The Hamilton-Wentworth Stroke Recovery Association in conjunction with the Ontario March of Dimes held its first session on Conductive Education in Hamilton. This was held on May 15th to June 3rd 1995, a three-week pilot project: the first for Stroke Survivors in North America. The test results are now being compiled. Conductive Education was developed in Hungary in 1945 our of the work of Andras Peto who died in 1967. It has been known in professional circles in the West but serious and extensive international interest began only in the eighties.

Positive Strokes

Cliff Goodall was Chairman of the Stroke Recovery Association of Ontario. Following the Toronto Conference he came out very strongly for Conductive Education in the rehabilitation of people who have had strokes.

The Stroke Recovery Association, and society in general, is on notice that change in our rehabilitative program for stroke survivors is upon us!

We believe that the Conductive Education, properly implemented, will contribute in large measure to an improved quality of life ‘beyond the hospital door’. Paramount to this ambitious and proven plan is funding for the training of conductors and suitable facilities in which to work.

The number of candidates in the Stroke Recovery Association is not the problem. It is the time frame and the necessary human resources needed to meet the challenge.

What is Conductive Education?

Conductive Education is not a treatment or therapy and offers no cure. It is a system of special education for children and adults with motor disorders.

When people first become aware of Conductive Education, they usually emphasize the system’s apparent success at teaching children and adults to develop greater bodily control. Although this is a central concern, as a system of education (rather than simply exercises or training) it not only aims to improve motor skills and functions, but also to transform development as a whole including emotional and intellectual aspects.
 

Orthofunctioning

According to the Hungarian founders of the system, the goal of Conductive Education is an ‘orthofunctioning personality’. The precise meaning of the term ‘orthofuntioning’ continues to be a subject for debate. But it is clear that Conductive Education aims to enable children and adults to change their outlook and approach to problem solving. By experiencing success, they discover that they can find their own solutions to many problems of daily living.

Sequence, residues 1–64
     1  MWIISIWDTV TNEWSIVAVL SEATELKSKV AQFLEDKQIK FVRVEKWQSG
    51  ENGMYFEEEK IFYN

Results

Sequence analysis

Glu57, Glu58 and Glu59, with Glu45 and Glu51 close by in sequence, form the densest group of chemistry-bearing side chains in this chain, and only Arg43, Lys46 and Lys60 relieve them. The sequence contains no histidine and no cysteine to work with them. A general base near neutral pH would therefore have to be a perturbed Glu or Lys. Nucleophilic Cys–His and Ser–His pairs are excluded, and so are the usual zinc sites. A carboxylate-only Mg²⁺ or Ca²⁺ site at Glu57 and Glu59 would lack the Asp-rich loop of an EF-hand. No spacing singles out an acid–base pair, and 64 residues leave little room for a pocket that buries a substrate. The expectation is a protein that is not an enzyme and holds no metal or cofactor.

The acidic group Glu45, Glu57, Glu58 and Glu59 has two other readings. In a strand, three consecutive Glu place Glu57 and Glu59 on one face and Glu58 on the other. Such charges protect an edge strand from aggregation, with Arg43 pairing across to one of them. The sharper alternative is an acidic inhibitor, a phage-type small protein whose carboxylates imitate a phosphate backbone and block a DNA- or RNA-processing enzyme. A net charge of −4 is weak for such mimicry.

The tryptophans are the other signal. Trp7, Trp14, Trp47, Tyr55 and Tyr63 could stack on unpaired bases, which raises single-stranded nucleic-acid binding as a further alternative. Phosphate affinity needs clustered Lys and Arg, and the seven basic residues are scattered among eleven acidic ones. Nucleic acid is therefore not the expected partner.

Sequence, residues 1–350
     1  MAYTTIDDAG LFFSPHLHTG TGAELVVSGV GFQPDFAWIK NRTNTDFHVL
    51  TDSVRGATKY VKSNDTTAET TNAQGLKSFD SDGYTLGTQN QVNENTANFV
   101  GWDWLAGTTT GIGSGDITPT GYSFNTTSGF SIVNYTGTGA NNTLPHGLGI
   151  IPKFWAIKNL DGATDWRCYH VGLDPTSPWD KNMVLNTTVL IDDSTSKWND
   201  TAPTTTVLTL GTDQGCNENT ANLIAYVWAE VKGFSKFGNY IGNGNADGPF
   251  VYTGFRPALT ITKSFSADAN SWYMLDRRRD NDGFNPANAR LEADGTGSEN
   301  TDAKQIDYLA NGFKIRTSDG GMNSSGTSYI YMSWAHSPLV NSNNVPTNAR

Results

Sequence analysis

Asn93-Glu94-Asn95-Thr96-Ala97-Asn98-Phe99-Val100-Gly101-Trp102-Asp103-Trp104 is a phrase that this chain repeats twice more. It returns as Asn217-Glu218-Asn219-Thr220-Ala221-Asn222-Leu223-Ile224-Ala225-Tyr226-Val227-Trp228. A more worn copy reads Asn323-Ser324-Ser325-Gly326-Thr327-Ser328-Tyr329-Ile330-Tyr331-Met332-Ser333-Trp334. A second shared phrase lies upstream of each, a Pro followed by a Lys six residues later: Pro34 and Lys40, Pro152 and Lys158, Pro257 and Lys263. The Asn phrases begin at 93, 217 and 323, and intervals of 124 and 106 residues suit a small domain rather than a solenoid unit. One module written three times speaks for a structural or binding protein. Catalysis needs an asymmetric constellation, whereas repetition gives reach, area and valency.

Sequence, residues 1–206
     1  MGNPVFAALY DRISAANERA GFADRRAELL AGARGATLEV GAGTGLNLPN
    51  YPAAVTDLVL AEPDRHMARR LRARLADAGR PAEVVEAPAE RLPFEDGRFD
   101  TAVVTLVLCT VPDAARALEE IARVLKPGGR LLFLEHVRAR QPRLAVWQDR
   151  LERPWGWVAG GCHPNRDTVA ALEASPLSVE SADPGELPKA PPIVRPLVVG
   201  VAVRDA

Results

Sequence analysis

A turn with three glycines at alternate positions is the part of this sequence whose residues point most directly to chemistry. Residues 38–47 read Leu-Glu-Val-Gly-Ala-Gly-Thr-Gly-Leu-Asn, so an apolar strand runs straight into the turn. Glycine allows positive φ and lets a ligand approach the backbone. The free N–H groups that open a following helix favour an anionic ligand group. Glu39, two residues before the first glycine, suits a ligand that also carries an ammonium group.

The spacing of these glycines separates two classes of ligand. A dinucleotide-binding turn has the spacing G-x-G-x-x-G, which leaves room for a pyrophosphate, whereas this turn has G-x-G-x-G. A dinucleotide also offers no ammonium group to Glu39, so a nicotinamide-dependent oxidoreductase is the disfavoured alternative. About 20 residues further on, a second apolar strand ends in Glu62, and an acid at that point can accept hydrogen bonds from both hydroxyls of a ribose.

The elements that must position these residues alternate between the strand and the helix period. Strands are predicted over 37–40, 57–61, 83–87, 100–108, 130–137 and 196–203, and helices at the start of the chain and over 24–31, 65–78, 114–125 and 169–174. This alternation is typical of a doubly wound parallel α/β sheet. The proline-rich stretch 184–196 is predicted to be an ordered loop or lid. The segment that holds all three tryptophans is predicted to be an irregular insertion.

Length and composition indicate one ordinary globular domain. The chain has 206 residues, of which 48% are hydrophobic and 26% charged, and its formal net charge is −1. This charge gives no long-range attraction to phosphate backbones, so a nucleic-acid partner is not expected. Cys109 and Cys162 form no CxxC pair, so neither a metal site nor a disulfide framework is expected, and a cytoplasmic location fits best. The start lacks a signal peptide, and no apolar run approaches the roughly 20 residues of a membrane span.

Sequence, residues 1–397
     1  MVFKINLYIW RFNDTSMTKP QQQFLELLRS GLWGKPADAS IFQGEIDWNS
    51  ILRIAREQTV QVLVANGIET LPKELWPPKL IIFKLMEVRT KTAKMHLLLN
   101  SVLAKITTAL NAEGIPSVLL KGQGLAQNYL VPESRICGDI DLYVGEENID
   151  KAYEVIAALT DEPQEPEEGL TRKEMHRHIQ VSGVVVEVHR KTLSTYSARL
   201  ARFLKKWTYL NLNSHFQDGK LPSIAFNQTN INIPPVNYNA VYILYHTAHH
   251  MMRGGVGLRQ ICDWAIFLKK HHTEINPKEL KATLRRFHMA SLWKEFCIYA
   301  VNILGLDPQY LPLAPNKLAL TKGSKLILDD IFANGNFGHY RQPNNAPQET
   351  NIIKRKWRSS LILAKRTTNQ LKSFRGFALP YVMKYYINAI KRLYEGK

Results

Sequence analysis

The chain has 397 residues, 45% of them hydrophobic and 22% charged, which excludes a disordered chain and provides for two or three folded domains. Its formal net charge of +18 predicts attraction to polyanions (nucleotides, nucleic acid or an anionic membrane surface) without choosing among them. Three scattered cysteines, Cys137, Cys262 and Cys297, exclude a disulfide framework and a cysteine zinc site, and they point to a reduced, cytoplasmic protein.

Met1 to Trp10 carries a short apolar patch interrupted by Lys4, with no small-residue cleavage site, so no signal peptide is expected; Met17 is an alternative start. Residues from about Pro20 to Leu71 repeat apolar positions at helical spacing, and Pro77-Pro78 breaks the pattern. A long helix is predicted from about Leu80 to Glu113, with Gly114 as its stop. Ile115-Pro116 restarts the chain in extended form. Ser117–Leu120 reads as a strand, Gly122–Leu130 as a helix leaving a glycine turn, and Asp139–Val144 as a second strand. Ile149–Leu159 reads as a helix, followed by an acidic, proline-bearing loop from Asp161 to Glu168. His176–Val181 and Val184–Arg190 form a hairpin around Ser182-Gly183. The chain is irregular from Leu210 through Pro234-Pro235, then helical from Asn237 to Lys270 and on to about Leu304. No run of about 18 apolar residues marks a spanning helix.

Consequently, they not only develop greater bodily control, but they also become more active and self-assured. For many children and adults, this results in their being able to take part in school, work and personal and social situations more independently, without the help of mechanical and other aids. The process of active learning to achieve these goals is known as ‘orthofunctioning.’
 

Conductors

Conductive Education does not depend on the familiar range of professionals often found in services for disabled people in the Western World.

In contrast, its successful practice relies on a single professional, specialist teacher called a conductor who takes responsibility for all aspects of physical, intellectual, social and personal development of the adults and children with whom they work. It is the conductor’s responsibility to ensure that the children or adults meet with success and feel that their work is worthwhile and has obvious purpose. They do not take over or do anything for learners which they might do for themselves.

They are trained to offer clear guidance, support and as sense of direction to adults and children with motor disorders. Teams of conductors work with children and adults in groups. Initial professional training takes four years.
 

Motor Disorders

Motor disorders are problems of controlling bodily movements, due to certain conditions of the brain or spine, including in childhood cerebral palsy and spina bifida, and in adulthood, Parkinson’s disease, multiple scierosis and strokes.

Conductive Education is for children and adults with motor disorders. Some orthopaedic and other conditions also effect movement, but Conductive Education cannot help.

©2004-2018 Hamilton-Wentworth Stroke Recovery Association - Please Contact us.